Of the 12 nations that Open Doors asserts are guilty of "severe persecution," eight are overwhelmingly Muslim countries. That group also includes Nigeria — where Muslims constitute approximately half the population — Ethiopia, Laos, and Vietnam.

Notable among the 23 nations cited for "moderate persecution" are Egypt, India, China, Kenya, and Colombia.

Syria constitutes the most ominous change in rankings, moving from No. 36 last year to No. 11 on the new list. The biggest improvements came in Comoros, which went from No. 24 to 41, and China, which went from 21 to 37.

Editor's Note:



5. Half of Americans Get Government Benefits

Newly released data from the U.S. Census Bureau show that in the fourth quarter of 2011, nearly half of all Americans — 49.1 percent — received benefits from one or more government programs.

Out of a population then estimated to be 306.8 million, 151 million received benefits from at least one government agency.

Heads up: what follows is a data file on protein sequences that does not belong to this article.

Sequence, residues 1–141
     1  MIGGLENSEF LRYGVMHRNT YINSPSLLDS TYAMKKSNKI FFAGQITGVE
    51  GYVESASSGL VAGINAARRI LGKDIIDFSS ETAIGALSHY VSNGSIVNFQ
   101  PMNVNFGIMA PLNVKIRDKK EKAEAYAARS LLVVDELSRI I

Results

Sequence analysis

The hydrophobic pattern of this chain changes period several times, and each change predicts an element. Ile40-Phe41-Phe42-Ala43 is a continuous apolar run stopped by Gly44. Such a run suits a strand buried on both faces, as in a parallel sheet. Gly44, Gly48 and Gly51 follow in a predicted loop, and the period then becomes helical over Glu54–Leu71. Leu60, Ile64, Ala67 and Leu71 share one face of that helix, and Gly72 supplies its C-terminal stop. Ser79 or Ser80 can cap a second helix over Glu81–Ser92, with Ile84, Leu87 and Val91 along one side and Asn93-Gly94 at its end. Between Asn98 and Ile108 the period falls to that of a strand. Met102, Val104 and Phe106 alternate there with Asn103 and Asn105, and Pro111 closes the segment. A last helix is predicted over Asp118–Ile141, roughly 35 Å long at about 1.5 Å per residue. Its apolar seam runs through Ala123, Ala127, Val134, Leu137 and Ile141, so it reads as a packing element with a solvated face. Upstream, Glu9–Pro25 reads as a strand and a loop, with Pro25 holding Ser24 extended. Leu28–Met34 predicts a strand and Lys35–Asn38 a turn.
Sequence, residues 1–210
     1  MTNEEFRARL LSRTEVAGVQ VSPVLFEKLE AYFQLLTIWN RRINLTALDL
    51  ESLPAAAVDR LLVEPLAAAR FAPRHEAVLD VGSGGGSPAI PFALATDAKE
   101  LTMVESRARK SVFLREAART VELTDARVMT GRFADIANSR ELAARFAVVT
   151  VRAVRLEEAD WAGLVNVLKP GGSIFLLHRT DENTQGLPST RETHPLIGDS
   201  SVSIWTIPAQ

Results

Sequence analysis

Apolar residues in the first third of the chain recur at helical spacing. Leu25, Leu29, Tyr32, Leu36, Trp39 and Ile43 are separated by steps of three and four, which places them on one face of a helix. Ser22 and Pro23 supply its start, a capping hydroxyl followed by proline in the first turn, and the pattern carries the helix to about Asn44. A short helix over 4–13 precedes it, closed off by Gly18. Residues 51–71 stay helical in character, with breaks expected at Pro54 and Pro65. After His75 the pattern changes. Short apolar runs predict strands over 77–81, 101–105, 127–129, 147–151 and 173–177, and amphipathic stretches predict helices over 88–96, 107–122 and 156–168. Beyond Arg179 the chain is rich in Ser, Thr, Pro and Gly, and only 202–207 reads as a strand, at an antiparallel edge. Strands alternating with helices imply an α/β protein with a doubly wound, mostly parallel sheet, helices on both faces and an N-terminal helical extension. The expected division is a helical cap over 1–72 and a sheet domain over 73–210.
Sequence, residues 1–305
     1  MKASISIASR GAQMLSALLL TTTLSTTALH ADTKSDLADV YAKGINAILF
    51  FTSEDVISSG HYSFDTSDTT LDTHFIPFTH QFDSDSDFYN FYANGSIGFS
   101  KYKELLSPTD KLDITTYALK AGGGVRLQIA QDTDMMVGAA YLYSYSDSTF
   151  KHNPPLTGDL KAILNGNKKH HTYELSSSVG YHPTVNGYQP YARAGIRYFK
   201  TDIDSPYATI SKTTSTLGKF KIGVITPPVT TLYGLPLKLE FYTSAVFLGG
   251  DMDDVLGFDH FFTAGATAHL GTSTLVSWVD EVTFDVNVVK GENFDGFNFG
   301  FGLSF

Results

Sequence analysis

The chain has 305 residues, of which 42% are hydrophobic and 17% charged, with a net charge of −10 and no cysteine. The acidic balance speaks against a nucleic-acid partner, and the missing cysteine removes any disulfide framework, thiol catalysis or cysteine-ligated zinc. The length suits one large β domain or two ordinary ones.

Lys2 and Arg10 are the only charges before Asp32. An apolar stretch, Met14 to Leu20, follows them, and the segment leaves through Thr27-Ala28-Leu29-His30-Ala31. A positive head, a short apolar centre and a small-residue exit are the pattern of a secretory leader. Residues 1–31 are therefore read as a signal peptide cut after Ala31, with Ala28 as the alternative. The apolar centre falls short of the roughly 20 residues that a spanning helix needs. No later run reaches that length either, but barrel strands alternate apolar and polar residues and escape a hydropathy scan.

More than 82 million people lived in a household in which one or more people received Medicaid benefits, and 46.4 million people got Medicare benefits.

Nearly 50 million people received Social Security payments, 49 million got food stamps, 20.2 million got Supplemental Security Income, 13.4 million lived in public or subsidized rental housing, 5 million received unemployment compensation, and 3.1 million got veterans' compensation.

About 23.2 million people were in the Women, Infants, and Children program, and 5.8 million received benefits from the Temporary Assistance for Needy Families program, according to the data released on Oct. 22.

Other funds paid out in the last three months of that year include those for Railroad Retirement benefits, workers' compensation, and veterans' educational assistance.

The figures for means-tested programs such as food stamps and Supplemental Security Income include anyone residing in a household in which one or more people received benefits from the program.

The Census Bureau also reported that out of 118.8 million U.S. households, 29.5 percent received Medicare benefits, 20 percent got Medicaid benefits, and 32 percent received Social Security or Railroad Retirement benefits.

Also, 15.4 million households, or 13 percent of the total, received food stamps.